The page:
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Rock Paper Shotgun's Massive Wasteland 2 Preview

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Rock Paper Shotgun's Massive Wasteland 2 Preview

Preview - posted by Infinitron on Thu 1 August 2013, 22:36:49

Tags: inXile Entertainment; Wasteland 2

Rather than drawing them out over several posts, Rock Paper Shotgun's Nathan Grayson chose to gather his impressions of Wasteland 2 in one huge article. It has an unprecedentedly large amount of new details and information about the game. Here's an excerpt describing the game's opening and its tactical combat:

Wasteland 2 begins with the “retirement party” of a Wasteland 1 Ranger named Ace. But it’s a joke, you see. The punchline is that Ace is dead. Welcome to the Wasteland.​

It’s here that you’re handed your first Ranger mission: investigate some seriously creepy radio signals that are clogging the airwaves all throughout your parched paradise of a homeland. Here, Fargo and co briefly demonstrate the ever-controversial keyword-based dialogue system. Now, when you mouse over a keyword, you actually get a readout of what your Ranger will say, thus preventing Commander Shepard/Cole Phelps-style rage explosions when you were just wondering where to find the little Scorpitron’s room. It still wasn’t the most elegant-looking solution ever, but it got the job done. Plus, inXile promised that most of the interface – admittedly rather clunky looking – was still placeholder. A few mock-ups of newer versions looked much cleaner.​

And so, we set off. Our first stop: a prison in Arizona that once served as Wasteland 1′s Ranger Citadel. Long since abandoned, it instead played host to all sorts of greedy gangs. Naturally, one, the Red Skorpion Militia, wanted to “tax” our intrepid four-person law enforcement party for, er, carrying guns, because… look this is a robbery, alright? Do they really need a good reason? Combat followed shortly thereafter. Without missing a beat, the world went turn-based – just like in the ’90s, before seamlessly flowing time was invented. At its most basic, the quick, painfully lopsided skirmish played out like a very simple XCOM battle, except with less cover and even more overpowered sniper rifles. Colored grid regions indicated range (green = very little chance of missing, yellow = mid-range, red = long shot) and it wasn’t long before the bandits had a change of heart and politely died. It was, however, extremely basic. Almost worrisomely so.​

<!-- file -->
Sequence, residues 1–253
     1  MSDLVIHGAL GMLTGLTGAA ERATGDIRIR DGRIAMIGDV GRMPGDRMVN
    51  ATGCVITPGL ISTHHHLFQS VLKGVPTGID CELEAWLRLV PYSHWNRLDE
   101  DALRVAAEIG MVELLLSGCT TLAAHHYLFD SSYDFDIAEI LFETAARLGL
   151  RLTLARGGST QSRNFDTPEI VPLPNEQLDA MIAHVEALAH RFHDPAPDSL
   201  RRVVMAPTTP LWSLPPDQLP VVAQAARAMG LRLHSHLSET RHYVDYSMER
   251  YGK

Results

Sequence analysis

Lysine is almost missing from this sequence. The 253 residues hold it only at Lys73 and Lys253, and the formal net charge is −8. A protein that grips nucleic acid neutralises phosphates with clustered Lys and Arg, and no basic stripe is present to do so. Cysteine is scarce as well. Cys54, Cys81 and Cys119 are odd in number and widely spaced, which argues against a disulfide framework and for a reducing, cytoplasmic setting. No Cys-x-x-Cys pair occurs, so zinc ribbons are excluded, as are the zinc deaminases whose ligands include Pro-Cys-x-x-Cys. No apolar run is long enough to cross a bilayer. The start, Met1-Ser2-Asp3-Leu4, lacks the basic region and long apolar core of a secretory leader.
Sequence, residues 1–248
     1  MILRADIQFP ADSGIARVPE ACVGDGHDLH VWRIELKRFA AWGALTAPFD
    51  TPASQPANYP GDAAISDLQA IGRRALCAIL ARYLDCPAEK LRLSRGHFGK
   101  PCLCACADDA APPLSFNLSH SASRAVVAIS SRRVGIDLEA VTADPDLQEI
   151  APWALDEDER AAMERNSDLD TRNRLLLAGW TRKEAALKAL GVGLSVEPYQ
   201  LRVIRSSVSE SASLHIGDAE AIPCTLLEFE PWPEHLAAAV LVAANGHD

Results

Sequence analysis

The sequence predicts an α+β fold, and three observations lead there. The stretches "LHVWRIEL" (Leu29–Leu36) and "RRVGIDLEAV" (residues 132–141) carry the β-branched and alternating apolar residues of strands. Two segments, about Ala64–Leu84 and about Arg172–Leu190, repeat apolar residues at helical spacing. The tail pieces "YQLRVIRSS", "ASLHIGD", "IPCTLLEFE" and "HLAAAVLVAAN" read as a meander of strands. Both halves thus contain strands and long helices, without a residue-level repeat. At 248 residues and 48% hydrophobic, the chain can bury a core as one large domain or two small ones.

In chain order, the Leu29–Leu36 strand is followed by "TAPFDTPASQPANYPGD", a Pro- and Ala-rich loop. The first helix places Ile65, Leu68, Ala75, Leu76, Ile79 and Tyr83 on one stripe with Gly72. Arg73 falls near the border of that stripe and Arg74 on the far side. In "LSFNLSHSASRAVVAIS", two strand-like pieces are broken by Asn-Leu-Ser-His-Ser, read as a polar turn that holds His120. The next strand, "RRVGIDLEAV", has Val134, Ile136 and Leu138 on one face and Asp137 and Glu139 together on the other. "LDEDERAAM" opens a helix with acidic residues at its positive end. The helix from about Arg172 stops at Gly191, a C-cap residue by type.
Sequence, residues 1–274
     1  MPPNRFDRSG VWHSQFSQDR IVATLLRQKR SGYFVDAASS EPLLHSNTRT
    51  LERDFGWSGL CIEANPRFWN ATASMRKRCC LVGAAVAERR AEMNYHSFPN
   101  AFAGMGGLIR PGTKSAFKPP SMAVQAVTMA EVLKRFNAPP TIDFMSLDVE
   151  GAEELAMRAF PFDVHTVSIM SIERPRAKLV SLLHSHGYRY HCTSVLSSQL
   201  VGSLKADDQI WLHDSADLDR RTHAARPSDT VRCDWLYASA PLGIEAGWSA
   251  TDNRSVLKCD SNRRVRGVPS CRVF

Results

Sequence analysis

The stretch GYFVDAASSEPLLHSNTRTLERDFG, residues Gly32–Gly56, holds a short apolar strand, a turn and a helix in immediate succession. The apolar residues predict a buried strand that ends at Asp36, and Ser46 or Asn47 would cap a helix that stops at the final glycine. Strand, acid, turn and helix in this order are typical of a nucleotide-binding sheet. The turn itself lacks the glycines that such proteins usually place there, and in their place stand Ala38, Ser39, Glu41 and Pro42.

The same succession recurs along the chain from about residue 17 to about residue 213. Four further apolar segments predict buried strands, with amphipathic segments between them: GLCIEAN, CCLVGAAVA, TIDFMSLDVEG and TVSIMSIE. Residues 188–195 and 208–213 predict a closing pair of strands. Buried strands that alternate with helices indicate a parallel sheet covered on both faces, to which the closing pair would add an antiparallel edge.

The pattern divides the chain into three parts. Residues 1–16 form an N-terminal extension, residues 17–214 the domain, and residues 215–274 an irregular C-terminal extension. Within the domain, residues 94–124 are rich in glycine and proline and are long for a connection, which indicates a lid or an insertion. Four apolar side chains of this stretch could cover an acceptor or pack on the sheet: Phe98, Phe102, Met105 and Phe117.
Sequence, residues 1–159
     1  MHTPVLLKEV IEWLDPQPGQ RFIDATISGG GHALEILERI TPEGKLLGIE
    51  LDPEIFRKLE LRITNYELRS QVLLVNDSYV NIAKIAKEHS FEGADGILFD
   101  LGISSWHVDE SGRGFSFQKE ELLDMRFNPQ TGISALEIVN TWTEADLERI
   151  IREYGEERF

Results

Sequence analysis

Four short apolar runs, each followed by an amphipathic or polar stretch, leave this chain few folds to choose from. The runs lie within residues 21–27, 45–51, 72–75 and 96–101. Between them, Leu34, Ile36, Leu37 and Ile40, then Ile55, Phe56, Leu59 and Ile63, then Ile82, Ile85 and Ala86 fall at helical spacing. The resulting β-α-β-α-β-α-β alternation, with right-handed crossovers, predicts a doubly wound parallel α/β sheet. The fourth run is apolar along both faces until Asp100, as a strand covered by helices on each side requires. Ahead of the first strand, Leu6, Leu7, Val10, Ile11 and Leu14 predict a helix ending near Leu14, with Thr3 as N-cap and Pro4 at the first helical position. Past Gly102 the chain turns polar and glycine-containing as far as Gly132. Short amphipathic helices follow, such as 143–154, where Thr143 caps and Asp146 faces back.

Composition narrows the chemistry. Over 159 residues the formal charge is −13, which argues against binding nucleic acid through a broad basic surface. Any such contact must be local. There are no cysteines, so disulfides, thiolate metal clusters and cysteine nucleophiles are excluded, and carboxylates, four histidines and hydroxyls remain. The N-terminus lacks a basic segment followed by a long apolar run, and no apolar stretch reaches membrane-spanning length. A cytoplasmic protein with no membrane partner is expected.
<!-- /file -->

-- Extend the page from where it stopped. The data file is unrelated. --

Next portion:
For combat, however, that is only the very, very, very, very, very, very, very tip of the iceberg. The opening areas mostly consisted of melee enemies and flat lands without even the thinnest slabs of cover to hide their shame, but complexity emerged in fairly short order. I witnessed another, still very unfinished area with plenty of cover and enemies that flanked, sniped, and generally proved quite adept at making dangerously fatal nuisances of themselves. That, said inXile, is actually just the baseline.​

“We wanted to make sure that we were able to craft encounters,” explained project lead Chris Keenan. “A lot of the RPGs that we were playing, they had a basic AI set on them, and they just did that. Run to player, shoot, generally stand back this far. We want to try to make sure that we’re getting interesting behaviors with these guys as far as flanking opportunities that they can see. Actively using height to their advantage. Working in groups. Sending two guys around one way and one guy around the other way.”​

“There’s plenty of cover in the game, but it doesn’t feel manufactured,” added Fargo. “It feels more natural, like part of the environment. There are areas where there’s no cover and areas where there’s lots of cover. We’ll take that into account as we balance the game. We may give you a lot more enemies in areas where there’s a lot of cover, behind the scenes. Or there’s going to be snipers up on the roof, because we deal with height and distance as well, thanks to a modified Mercenaries, Spies, and Private Eyes rule set – kind of like the original Wasteland. So that might affect where we could make cover available.”​

“Another part of this, too, is that while you’re in combat there, you can still use your [typically non-combat-related] skills,” said Keenan. “If there were locked doors over on this side, you could drop bombs and use demolition skills. You could go unlock an area, which might take you to a little corridor that takes you up a ladder, and now you have a nice position behind another guy who’s up on the roof shooting down at you. He doesn’t notice you behind him.”​

Read the full preview for more information about the game's skills, factions and hardcore pig escorting mechanics.

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